It was 10am on a Tuesday. My project for the day was to work on ideas for growing enrollment, but with evenings and Saturday mornings booked, where could I put new classes?
My class schedule was a logjam of 140 classes. I hunted for a way to open up several 30-minute sections in the evening for more preschool classes. “Why can’t they just come during the day?” I groaned to the empty studio.
Driving home, I saw the answer to my problem marching down the street: 10 kids from a nearby daycare center on a neighborhood walk with their teacher. That was it! I would fill those empty daytime hours by offering classes to daycare centers.
I drafted a brochure and registration form stating that Misty’s Dance Unlimited was offering a six-week session of dance classes on Mondays from 11 to 11:30am for $49. I included a parent release form, asked about medical concerns, and gave my business address and contact information. “Come join the more than 750 students taking dance lessons at Misty’s each week!” the brochure read.
Next, I called the center director to introduce myself and my new program. My approach was simple and business oriented—my studio would offer an activity for the daycare kids, one that would add value to their program but at no cost to the center.
I explained how the daycare kids would have fun dancing to our upbeat curriculum and get their energy out and their teachers would enjoy being a part of something that breaks up the day. I predicted that parents, who would pay for the lessons, would appreciate an extracurricular activity held during the day so that they would not have to spend evening hours rushing to another activity. Another plus: the center could advertise that it offers dance lessons.
To seal the deal, I gave the daycare center the option of bringing the children to the studio for lessons or having the dance teacher go there. As an added enticement, at the end of the six-week session the students could participate in our Christmas Social, held at a local theater. Not only could the kids perform, I said, but the daycare center would get some great advertising if the kids wore T-shirts sporting its name and logo during the event. I got an immediate commitment over the phone and I emailed the registration form to them to send home with the kids that same afternoon.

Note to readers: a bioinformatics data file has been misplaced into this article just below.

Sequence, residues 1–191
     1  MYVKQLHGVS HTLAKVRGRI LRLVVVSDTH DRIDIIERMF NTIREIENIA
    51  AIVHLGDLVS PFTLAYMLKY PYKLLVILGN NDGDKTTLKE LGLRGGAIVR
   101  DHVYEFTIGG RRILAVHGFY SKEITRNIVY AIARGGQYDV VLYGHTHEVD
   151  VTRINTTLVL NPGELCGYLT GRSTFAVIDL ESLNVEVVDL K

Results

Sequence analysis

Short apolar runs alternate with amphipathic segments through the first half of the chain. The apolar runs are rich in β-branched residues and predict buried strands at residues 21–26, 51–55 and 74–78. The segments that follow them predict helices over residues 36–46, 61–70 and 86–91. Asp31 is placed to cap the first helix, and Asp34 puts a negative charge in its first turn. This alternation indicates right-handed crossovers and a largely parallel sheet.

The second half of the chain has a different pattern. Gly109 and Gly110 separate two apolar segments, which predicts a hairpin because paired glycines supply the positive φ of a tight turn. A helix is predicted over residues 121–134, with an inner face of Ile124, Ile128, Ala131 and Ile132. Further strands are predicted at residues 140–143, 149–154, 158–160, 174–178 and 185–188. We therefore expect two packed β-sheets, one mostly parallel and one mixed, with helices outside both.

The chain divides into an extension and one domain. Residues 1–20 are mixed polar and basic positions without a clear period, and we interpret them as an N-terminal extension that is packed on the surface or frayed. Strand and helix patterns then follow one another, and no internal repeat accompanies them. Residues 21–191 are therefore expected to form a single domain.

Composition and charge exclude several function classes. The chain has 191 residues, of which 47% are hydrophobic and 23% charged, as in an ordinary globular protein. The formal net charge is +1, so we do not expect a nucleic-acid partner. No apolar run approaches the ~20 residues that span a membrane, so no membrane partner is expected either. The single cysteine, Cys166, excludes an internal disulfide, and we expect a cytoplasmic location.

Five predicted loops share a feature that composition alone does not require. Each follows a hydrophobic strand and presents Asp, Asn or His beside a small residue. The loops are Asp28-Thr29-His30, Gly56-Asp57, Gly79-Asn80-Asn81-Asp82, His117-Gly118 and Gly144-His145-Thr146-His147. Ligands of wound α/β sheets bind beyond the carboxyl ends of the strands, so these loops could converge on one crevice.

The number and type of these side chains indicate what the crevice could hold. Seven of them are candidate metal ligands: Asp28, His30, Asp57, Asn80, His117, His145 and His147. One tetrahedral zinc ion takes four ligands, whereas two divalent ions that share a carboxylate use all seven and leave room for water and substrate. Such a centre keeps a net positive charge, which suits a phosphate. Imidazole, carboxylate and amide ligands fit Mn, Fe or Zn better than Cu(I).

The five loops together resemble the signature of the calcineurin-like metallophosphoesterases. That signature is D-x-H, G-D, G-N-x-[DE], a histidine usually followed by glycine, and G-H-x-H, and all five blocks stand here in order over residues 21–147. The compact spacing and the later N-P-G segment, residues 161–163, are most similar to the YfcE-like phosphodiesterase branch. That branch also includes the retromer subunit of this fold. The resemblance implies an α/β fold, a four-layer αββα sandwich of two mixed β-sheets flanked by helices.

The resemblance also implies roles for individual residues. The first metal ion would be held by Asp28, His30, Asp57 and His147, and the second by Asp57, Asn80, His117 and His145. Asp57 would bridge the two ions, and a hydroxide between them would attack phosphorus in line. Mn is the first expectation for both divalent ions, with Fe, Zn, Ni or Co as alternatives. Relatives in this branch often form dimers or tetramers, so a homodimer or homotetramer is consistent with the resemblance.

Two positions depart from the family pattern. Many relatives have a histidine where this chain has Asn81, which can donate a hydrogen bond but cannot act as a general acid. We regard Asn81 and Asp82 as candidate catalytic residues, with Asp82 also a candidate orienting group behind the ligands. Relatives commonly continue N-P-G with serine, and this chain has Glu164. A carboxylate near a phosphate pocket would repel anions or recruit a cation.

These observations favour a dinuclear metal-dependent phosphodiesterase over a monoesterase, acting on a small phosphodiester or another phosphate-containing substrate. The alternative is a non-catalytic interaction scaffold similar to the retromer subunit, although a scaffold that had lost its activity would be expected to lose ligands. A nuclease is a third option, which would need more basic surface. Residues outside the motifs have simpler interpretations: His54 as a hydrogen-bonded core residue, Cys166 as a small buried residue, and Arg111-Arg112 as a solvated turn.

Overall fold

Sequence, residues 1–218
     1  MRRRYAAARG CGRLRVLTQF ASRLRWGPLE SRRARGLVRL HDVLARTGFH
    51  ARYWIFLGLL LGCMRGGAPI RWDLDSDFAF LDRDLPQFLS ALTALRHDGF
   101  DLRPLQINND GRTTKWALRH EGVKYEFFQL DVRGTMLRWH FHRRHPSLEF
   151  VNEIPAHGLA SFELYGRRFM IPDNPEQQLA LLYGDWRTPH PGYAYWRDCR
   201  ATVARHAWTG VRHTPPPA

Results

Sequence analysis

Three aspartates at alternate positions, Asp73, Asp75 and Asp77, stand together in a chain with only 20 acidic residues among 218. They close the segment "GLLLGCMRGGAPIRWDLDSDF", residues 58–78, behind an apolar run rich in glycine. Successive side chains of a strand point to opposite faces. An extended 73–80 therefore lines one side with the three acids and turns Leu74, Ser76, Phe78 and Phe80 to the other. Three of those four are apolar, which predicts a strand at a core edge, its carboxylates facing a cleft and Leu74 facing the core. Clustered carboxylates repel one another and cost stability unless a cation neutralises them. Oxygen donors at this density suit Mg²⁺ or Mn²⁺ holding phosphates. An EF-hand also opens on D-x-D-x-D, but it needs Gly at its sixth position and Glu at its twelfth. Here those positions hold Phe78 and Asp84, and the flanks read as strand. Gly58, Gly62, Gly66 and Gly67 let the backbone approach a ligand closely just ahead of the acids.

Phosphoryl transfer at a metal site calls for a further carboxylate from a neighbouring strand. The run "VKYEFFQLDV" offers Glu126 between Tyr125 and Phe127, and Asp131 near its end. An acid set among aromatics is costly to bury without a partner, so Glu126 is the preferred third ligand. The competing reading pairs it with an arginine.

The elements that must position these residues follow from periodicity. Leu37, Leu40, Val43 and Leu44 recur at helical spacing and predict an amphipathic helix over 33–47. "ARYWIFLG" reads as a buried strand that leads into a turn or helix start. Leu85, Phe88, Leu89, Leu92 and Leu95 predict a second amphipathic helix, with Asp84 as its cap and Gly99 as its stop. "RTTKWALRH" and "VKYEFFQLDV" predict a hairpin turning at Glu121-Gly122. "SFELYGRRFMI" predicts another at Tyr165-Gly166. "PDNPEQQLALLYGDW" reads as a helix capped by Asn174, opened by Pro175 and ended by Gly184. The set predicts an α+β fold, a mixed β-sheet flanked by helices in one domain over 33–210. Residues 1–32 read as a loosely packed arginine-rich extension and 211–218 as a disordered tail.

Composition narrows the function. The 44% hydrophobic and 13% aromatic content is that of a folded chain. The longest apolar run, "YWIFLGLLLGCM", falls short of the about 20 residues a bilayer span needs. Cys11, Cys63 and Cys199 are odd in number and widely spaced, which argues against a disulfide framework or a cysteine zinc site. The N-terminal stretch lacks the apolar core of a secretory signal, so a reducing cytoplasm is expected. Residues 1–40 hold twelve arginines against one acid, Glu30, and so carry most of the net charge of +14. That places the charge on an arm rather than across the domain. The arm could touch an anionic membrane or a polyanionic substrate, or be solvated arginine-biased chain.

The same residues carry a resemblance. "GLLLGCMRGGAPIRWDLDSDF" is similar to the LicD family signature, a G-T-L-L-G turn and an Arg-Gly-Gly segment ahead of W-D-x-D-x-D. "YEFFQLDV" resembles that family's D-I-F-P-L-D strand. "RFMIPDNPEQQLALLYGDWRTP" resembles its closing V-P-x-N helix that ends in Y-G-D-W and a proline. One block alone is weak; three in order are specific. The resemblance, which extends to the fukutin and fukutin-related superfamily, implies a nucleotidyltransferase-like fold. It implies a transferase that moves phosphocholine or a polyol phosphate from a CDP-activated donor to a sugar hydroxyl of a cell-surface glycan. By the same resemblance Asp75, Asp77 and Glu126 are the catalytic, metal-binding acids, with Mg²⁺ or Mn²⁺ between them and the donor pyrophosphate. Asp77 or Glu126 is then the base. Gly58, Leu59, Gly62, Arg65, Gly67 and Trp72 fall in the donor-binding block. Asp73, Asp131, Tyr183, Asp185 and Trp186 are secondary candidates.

My approach was simple and business oriented—my studio would offer an activity for the daycare kids, one that would add value to their program but at no cost to the center.
Energized by this success, I called two more daycare centers near my studio. One never returned my calls, but the other one signed up right away. Of the two centers that agreed to this partnership, one chose to have our teacher teach at their location and the other walked the kids over to our studio. The daycare centers were in charge of collecting the tuition and paying the studio on the first day of class.
With 13 children from one daycare and 7 from another signed up for lessons, this was the easiest and fastest increase of 20 students my school has ever had. Since the kids performed in our Christmas Social we were able to show their parents the caliber of our program, so when I offered a six-week spring session it was an easy re-sell.
This relationship allowed me to fill empty studio space during the day as well as advertise the school’s offerings to the daycare centers’ clients.
Here are some tips:
Keep it easy. A short session with a simple registration form and one-time payment is best and will encourage both new parents and daycare owners to give it a try.
Keep it simple. Daycare centers cater to both boys and girls in a range of ages, so gender-neutral, dance-activity songs built around holiday or seasonal themes work well. You can introduce elements of ballet through this format, but packaging the session as dance instead of ballet will widen your audience.
Above all, keep it positive. The unique thing about partnering with a daycare center is that your task isn’t to sell dance to them. Instead, you’re selling the value of a partnership with your studio. Focus on the positives of what a relationship between your organizations will bring to the daycare, their teachers, and their clients.